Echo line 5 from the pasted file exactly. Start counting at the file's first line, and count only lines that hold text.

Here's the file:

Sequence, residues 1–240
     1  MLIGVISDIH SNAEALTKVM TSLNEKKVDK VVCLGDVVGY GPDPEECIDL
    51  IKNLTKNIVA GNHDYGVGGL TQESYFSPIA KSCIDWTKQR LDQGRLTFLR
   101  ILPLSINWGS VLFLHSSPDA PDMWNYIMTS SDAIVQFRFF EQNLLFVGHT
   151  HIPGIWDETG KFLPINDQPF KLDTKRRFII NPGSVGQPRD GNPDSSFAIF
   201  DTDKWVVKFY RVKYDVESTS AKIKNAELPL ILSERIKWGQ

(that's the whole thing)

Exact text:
   151  HIPGIWDETG KFLPINDQPF KLDTKRRFII NPGSVGQPRD GNPDSSFAIF